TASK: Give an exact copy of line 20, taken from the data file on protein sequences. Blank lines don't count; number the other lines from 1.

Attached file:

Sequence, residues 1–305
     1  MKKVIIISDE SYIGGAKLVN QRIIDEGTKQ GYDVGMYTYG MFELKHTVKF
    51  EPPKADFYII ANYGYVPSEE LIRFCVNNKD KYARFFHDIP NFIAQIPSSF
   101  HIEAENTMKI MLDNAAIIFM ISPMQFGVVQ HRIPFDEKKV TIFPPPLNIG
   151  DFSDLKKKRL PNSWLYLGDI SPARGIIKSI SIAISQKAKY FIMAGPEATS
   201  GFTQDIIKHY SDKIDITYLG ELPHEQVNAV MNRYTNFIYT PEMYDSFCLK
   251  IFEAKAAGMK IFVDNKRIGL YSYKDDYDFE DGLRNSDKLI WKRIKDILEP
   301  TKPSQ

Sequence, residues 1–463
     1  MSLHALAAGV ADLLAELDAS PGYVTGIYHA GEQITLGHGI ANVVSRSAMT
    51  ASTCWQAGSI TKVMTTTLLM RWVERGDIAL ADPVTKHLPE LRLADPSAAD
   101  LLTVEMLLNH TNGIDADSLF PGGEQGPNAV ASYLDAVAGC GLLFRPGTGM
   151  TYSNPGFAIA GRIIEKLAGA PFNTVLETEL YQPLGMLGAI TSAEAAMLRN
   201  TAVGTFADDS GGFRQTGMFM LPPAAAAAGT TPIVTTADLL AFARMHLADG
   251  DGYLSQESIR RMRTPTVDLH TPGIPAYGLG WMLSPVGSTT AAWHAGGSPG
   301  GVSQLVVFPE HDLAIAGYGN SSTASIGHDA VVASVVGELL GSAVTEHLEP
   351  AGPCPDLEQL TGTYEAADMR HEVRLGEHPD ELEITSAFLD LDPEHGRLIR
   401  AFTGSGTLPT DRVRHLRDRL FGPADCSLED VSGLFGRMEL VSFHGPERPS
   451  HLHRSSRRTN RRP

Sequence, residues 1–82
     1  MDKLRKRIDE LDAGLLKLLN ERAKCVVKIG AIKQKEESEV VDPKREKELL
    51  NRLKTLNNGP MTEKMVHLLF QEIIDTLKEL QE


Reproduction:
Sequence, residues 1–82